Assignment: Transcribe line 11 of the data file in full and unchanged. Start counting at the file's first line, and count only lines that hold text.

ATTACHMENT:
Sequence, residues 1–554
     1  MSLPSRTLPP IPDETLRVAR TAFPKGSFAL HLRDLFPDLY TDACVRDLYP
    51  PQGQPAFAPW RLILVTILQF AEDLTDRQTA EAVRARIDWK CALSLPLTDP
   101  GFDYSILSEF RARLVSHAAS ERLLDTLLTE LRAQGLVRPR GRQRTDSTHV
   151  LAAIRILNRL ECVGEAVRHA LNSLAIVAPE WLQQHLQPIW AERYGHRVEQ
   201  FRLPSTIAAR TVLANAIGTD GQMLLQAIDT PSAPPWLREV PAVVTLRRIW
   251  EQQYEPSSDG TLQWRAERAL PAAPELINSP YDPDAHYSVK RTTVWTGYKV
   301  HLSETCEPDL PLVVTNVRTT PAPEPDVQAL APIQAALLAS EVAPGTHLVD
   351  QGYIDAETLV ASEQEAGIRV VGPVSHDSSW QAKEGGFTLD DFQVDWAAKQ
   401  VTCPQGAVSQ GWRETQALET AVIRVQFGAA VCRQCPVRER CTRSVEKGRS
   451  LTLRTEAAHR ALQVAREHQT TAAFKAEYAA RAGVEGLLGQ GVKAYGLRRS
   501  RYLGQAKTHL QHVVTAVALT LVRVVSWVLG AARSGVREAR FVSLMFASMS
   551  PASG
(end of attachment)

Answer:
   451  LTLRTEAAHR ALQVAREHQT TAAFKAEYAA RAGVEGLLGQ GVKAYGLRRS